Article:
Sport Peppers: The Pickled Hot Pepper You Can Only Find In Chicago

It's a warm summer afternoon at Wrigley Field. You've been watching the Cubs play baseball for an hour and you desperately need something to cheer you up, anything but what's happening on the field. That's when you hear it: "HOT DOGS HEEEEEEEEEEYAH!" The hot dog man, bearing an insulated treasure chest full of instant happiness, has arrived. But you can't just grab a plain frank — oh, no. This is Chicago, so you've got to drag that thing through the garden.

"Dragging through the garden" refers to the Chicago tradition of piling their hot dogs with vegetables. A true Chicago-style hot dog has pickle spears, tomato slices, chopped onions, sweet relish, yellow mustard, celery salt, and pickled sport peppers (per Forbes). That last addition throws many people for a loop (Chicago pun intended), as sport peppers are unfamiliar to virtually everyone not from Illinois. Yet many insist they are the most important ingredient on the dog.

Sport peppers are similar to serranos

Sport peppers are their own unique cultivar, officially known as the Mississippi sport pepper, according to Tom McGlade of the Vienna Beef company, the largest maker of Chicago-style hot dogs and condiments (via the Takeout). You would think it would make more sense for it to be called the Illinois sport pepper, given its principal region of influence, but this little pepper is a geographical jumble, likely originating in South America (via Backyard Gardener). The Takeout likens the sport to a serrano pepper but says it is both smaller and less spicy.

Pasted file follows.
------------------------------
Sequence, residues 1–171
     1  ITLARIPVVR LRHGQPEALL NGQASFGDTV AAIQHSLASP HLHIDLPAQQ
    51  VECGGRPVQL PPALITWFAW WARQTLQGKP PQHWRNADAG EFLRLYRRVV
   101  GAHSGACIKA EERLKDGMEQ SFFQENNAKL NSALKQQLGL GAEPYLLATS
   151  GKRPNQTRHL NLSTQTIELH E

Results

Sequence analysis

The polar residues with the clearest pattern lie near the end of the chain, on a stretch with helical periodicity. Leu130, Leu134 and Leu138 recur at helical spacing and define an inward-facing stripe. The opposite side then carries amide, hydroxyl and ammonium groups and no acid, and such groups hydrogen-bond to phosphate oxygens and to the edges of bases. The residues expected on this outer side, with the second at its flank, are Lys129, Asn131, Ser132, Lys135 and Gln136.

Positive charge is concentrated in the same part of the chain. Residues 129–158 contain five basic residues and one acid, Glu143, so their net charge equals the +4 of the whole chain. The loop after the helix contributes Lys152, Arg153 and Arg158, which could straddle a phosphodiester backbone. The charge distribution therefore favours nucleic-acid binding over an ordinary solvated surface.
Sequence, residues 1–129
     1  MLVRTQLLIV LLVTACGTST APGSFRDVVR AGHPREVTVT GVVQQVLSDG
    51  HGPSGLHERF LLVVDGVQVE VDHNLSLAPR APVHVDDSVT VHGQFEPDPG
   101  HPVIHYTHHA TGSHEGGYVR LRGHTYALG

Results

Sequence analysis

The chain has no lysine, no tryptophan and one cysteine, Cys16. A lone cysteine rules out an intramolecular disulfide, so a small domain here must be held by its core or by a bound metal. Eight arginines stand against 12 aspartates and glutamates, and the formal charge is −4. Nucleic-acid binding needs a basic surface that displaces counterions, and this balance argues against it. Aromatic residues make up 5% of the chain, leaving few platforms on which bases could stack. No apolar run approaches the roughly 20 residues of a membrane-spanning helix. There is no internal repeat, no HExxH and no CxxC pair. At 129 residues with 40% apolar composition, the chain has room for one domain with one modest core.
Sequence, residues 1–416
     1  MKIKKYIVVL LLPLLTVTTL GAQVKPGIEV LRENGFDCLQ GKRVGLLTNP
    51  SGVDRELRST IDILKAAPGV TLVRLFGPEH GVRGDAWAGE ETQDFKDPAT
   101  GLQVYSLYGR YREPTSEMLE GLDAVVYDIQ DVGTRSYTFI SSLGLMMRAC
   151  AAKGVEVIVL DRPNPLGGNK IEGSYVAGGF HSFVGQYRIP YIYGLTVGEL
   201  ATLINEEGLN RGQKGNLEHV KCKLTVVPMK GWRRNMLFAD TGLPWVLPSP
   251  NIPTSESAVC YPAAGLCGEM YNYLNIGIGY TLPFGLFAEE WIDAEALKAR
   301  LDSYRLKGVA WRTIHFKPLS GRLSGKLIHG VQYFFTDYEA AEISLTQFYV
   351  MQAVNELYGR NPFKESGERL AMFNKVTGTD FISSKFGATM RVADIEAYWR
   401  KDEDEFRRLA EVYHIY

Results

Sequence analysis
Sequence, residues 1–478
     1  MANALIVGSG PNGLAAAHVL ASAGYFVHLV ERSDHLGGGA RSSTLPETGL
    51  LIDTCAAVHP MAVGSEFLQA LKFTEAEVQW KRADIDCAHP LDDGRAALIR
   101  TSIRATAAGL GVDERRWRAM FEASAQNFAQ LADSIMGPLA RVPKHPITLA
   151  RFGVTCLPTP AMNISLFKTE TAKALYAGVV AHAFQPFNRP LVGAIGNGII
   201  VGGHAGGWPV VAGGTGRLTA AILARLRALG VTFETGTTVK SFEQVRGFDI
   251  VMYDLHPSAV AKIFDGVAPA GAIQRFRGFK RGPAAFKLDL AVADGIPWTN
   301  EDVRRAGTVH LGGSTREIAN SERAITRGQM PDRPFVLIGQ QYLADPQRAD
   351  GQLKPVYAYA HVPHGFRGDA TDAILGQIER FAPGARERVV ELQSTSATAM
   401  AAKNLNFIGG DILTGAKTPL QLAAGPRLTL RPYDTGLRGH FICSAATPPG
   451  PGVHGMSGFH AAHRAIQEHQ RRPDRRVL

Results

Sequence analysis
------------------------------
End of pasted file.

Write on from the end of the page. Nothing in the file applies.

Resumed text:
In preparation for Chicago-style hot dogs, sport peppers are pickled in a vinegar brine, instilling in them a tangy, slightly spicy flavor (via TasteAtlas). They have a Scoville Heat Unit range of 10,000 to 23,000, putting them somewhere between a serrano and a milder jalapeño. While you can find sport peppers in just about any Chicago grocery store, they don't pop up on shelves outside Illinois very often, so your best bet would be ordering a jar online, and dragging the dogs through your own garden.